It’s a winter afternoon in Vancouver, and Mark Tyndall is taking me on a tour of all the places people can go if they want to use drugs and be pretty sure they won't die.
Blue tarps and shabby tents with people sleeping in them line our route in the Downtown Eastside, where the wail of an ambulance siren is always around the corner. We see handwritten signs taped up in the back alleys, warning “Danger: Green Heroin. Use ¼ usual dose.”
This is Canada’s skid row, a place where almost everyone can tell you about the friends and neighbors they’ve lost to an overdose. This city has seen a sixfold increase in overdose deaths over the last decade, with more than 1,000 of those people dying since 2016 alone. According to the British Columbia Centre for Disease Control, more than 300 of those deaths happened in the last two years here in the Downtown Eastside, a roughly seven-block strip that contains one of North America’s densest populations of injection drug users.
When we reach the dingy door marked Overdose Prevention Society, Tyndall swings it open and ushers me through. Inside the long, narrow space, there’s a red partition, behind which more than a dozen people sit at sterile metal tables. They come here because it’s a place where they can get a clean needle and inject drugs they buy off the street, with trained staff standing by to save their lives if that heroin turns out to be lethal.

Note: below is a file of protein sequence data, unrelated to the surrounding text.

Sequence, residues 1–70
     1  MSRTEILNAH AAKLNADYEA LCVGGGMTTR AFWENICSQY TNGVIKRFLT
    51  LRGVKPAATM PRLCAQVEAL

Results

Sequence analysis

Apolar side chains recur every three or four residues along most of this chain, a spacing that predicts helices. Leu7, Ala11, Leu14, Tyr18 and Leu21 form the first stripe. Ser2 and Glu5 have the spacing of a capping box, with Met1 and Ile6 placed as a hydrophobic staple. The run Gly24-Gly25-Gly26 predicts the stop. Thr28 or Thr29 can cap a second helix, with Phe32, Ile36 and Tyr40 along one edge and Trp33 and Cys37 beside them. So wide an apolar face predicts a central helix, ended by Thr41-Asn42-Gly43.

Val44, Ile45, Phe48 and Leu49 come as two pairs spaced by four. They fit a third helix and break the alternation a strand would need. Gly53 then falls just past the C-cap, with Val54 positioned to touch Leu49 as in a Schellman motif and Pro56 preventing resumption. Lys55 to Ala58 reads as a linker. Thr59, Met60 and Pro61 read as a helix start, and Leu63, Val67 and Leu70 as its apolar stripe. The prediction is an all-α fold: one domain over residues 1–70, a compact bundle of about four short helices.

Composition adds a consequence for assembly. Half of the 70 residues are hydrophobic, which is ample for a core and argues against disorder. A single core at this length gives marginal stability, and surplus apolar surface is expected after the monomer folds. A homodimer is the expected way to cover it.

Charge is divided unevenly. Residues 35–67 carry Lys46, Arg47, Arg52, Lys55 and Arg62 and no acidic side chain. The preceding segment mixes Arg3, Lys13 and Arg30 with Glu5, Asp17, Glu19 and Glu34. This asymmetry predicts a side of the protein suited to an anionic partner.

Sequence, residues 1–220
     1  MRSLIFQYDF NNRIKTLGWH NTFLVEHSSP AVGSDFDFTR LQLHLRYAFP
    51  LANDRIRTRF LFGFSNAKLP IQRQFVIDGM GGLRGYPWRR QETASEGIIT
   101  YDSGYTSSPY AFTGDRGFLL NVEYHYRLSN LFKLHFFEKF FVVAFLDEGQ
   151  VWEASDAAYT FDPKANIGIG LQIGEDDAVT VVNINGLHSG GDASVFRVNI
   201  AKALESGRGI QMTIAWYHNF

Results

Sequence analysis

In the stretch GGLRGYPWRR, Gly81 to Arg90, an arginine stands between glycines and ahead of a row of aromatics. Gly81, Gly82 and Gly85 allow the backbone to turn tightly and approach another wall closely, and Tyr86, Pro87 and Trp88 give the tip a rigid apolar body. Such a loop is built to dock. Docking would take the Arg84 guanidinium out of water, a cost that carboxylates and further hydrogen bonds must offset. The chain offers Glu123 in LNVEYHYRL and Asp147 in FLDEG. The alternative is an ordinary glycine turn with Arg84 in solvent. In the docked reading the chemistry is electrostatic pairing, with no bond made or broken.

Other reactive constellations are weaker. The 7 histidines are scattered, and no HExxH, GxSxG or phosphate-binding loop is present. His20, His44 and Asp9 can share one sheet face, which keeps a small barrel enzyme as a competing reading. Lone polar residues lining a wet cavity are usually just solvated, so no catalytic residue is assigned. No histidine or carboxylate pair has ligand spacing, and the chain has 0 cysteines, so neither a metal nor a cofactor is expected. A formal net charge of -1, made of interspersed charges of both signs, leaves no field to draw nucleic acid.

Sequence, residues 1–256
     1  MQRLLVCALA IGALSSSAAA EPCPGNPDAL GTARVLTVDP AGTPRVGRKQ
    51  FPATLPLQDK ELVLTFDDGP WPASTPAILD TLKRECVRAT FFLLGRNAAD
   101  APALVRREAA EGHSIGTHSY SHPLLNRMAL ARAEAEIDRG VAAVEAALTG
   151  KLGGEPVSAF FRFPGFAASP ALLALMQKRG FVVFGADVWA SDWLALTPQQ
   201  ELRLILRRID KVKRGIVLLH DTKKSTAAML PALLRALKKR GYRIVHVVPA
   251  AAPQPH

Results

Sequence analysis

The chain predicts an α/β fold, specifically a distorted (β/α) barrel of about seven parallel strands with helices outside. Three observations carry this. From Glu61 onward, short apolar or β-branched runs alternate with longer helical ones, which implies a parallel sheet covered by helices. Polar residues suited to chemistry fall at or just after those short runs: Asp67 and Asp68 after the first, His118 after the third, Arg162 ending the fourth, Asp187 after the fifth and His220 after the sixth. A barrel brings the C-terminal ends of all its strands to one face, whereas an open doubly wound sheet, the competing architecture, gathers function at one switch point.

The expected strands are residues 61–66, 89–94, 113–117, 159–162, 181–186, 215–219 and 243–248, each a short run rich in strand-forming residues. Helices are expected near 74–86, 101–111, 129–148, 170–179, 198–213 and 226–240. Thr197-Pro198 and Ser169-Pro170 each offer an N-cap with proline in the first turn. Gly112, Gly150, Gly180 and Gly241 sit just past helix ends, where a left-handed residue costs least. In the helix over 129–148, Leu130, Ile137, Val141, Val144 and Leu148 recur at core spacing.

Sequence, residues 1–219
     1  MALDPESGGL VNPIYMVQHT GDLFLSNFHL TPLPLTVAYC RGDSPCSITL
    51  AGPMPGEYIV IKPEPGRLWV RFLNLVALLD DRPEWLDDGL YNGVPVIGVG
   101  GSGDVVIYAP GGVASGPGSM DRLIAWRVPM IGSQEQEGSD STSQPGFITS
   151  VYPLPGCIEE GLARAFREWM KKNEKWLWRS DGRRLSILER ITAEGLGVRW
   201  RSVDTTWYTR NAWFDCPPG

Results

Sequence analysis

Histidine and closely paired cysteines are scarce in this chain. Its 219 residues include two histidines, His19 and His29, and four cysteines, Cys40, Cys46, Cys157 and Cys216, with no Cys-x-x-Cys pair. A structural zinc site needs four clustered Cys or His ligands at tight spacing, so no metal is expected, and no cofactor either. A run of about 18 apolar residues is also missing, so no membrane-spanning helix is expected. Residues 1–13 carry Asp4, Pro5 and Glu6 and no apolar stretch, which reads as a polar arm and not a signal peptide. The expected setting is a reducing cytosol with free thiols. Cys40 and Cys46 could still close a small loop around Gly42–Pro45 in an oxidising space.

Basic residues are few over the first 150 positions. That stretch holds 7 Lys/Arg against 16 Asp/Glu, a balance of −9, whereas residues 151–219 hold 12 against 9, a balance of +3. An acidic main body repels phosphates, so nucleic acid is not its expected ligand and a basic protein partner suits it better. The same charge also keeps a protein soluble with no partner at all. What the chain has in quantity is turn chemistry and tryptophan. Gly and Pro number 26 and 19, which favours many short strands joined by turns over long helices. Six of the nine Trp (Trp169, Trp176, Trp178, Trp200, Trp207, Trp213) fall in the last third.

It’s one of six so-called overdose prevention sites (alternately known as supervised consumption sites or supervised injection sites) to open up in the city since 2016. That’s the year that the line charting illicit drug overdose deaths in British Columbia ticked sharply upward.
Tyndall walks past the partition to a young guy with a septum piercing named Colm, who’s keeping watch over the room. “Hi, I’m Mark Tyndall,” he says, extending a hand. At 59, Tyndall looks lean and youthful in a pair of light wash jeans and a sporty rust-colored jacket. He has big, round eyes that crinkle at the corners when he smiles.
“Did you say Mark Tyndall? I definitely recognize that name,” Colm says, admiringly. “I imagine a lot of people do.”
Colm is right about that. Tyndall is an unlikely local hero in a neighborhood that’s generally suspicious of bureaucrats. Tyndall has spent much of his career as one, most recently serving as executive director of the British Columbia Centre for Disease Control, or BCCDC. But if Tyndall is a bureaucrat, he’s a bureaucrat with a rebel’s heart.